Image of the Day: July 2011

I've Looked at Clouds That Way


Tuesday, July 19, 2011: The WISE team, who operates NASA's Wide-field Infrared Survey Explorer (WISE), suggests that cloud CG4 might be seen as a cosmic alligator or a giant red-nosed slug (but not bows and flows of angel hair and ice cream castles in the air). The open jaws of the alligator appear poised to chomp down on a red star. This red source is the young stellar object, called Spitzer 073425.3-465409. Young stellar objects are exactly what they sound like: stars that are in their early stages of formation. The reddish color of this star occurs due to surrounding dust that glows in infrared light.

—Tom Chao

Into the Blue

Yuzhny Space Center

Wednesday, July 20, 2011: The Zenith-3M rocket with a Fregat-SB upper stage and the Russian astrophysical observatory Spectrum-R lifted off from Baikonur’s pad 45 on July 18, 2011.

—Tom Chao

Touching Down Lightly

NASA/Kim Shiflett

Thursday, July 21, 2011: Space shuttle Atlantis gleamed in the darkness at it touched down on the Shuttle Landing Facility's Runway 15 at NASA's Kennedy Space Center in Florida for the final time. Atlantis' wheels came to a stop at 5:57:54 am on Thursday, July 21, 2011. Crew of the final STS-135 mission included Commander Chris Ferguson, Pilot Doug Hurley, and Mission Specialists Sandra Magnus and Rex Walheim. STS-135 represented the 33rd and final flight for Atlantis, having spent 307 days in space, orbited Earth 4,848 times and traveled 125,935,769 miles.

— Tom Chao

Close to the Edge

ESA/Hubble & NASA

Friday, July 22, 2011: The NASA/ESA Hubble Space Telescope shows an elongated stream of stars, gas and dust called IC 755, actually a spiral galaxy seen edge-on. In 1999 a star within IC 755 exploded as a supernova and named SN 1999an. The Beijing Astronomical Observatory Supernova Survey discovered the supernova, and three years later Hubble studied the environment in which the explosion took place. The inclination of the galaxy made the supernova a challenging target as many other intervening objects obscured the view. Valuable data was obtained, and suggested that before detonation the star may have been around 20 times more massive than our Sun, and that it was likely to have been in the region of 14 million years old.

—Tom Chao

Let Them Eat Shuttle-Shaped Cake

Roger Weiss, Technical Integration Specialist at SAIC/NASA-Johnson Space Center

Monday, July 25, 2011: NASA employees at Johnson Space Center in Houston celebrated the end of the shuttle program on Friday, July 22 with a special cake conceived by JSC employee Debbie Hawkins and produced by Lisa Newlin and Steve Copsey of "Create It With Cake" in Houston.

—Tom Chao

In a Land Down Under, Where Spacecraft Glow

Image Copyright: John Sarkissian

Tuesday, July 26, 2011: Scientist John Sarkissian captured this never-to-be-seen-again image of space shuttle Atlantis and the International Space Station streaking through the Australian sky with the The Parkes 64 meter radio telescope in the foreground. Atlantis's trail moves right to left behind the radio telescope, while the space station follows arcing from the lower right corner of the frame, about two minutes behind Atlantis in low Earth orbit. The Parkes 64 meter radio telescope has a long connection to human spaceflight, having supplied television images from the moon to Earth during Apollo 11. Also visible in the night sky of New South Wales, Australia, are southerly constellations Vela, Puppis, and Hydra. Atlantis made its final landing on July 21, 2011, at NASA's Kennedy Space Center.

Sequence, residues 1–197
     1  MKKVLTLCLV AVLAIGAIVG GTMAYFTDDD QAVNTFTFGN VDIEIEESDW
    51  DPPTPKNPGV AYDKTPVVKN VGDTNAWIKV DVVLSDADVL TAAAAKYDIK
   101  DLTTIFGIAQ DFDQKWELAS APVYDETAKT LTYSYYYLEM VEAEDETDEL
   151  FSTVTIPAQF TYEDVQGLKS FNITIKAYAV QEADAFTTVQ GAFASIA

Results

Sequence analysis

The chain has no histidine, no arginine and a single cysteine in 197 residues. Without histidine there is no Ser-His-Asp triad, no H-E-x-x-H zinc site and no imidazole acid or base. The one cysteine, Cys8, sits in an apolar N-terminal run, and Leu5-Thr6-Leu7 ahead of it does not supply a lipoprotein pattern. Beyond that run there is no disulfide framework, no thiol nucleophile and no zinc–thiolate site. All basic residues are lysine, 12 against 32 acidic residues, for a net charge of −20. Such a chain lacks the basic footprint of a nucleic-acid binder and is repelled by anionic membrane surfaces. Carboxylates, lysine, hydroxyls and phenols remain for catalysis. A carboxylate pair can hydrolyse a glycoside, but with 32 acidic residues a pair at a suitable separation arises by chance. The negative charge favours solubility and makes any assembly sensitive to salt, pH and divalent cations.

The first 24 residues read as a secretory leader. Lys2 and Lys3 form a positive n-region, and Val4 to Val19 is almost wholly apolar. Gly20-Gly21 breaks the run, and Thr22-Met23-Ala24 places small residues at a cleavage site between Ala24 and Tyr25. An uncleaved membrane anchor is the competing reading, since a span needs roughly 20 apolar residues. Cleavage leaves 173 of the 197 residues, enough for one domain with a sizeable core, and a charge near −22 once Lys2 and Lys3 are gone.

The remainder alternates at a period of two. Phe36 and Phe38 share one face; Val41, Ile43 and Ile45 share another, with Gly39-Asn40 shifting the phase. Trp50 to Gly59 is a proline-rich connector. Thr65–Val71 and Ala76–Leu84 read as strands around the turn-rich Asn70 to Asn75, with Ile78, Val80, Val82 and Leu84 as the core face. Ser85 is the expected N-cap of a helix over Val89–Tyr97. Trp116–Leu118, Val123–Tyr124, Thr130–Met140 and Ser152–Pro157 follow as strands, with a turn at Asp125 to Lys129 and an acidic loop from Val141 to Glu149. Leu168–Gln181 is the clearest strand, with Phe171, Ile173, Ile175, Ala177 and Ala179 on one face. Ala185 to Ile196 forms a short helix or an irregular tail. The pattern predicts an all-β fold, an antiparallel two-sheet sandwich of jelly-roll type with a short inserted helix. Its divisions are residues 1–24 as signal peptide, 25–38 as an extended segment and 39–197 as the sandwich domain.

—Tom Chao

Hey, You've Got to Hide Your Moon Away

ESO and Andy Strappazzon

Wednesday, July 27, 2011: An image of the moon composed by Andy Strappazzon from Belgium took fourth place in ESO's Hidden Treasures 2010 astrophotography competition. Strappazzon searched through ESO's archive and identified datasets acquired by the MPG/ESO 2.2-metre telescope at La Silla in Chile, which he then used to compose his image of the moon. Here, the crescent moon shows sunlight skimming across the heavily pocked surface.

— Tom Chao

Give It a Whirl

Canada-France-Hawaii Telescope/Coelum

Thursday, July 28, 2011: Young stars shine brilliantly even through nebulae in the Milky Way, as seen by the Canada-France-Hawaii Telescope. The nebulae, giant molecular clouds, collapse and form stars in one part of the evolution cycle of matter in galaxies. These new stars will join the giant whirl of the galaxy in only a matter of millions of years.

— Tom Chao

Rove On


Friday, July 29, 2011: Apollo 15 launched 40 years ago this week on July 26, 1971. In this photograph, Apollo 15 lunar module pilot Jim Irwin loads the lunar rover with gear in preparation for the first lunar spacewalk at the Hadley-Apennine landing site. The lunar module "Falcon"stands at the left in this image. The undeployed Laser Ranging Retro-Reflector lies on top of Falcon's Modular Equipment Stowage Assembly.

— Tom Chao

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